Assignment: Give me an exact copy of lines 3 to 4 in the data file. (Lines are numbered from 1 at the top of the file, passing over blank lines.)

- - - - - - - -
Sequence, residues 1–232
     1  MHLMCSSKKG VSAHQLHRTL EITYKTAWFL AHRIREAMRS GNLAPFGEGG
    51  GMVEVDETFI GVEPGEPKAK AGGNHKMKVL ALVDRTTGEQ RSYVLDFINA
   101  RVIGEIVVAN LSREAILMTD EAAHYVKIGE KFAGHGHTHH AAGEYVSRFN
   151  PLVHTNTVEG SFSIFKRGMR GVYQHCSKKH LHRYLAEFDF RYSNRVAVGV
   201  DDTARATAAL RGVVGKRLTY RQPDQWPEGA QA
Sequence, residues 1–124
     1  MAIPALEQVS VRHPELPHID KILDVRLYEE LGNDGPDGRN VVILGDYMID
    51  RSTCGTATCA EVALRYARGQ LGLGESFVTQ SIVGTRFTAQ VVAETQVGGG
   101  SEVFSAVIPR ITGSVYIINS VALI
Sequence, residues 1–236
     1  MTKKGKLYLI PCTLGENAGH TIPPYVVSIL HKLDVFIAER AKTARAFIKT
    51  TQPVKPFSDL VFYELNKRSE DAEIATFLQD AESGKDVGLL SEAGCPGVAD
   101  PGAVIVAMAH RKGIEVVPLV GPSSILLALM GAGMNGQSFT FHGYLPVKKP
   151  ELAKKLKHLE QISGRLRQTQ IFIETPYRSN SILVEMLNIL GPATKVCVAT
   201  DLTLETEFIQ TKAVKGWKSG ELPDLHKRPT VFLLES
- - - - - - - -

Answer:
    51  GMVEVDETFI GVEPGEPKAK AGGNHKMKVL ALVDRTTGEQ RSYVLDFINA
   101  RVIGEIVVAN LSREAILMTD EAAHYVKIGE KFAGHGHTHH AAGEYVSRFN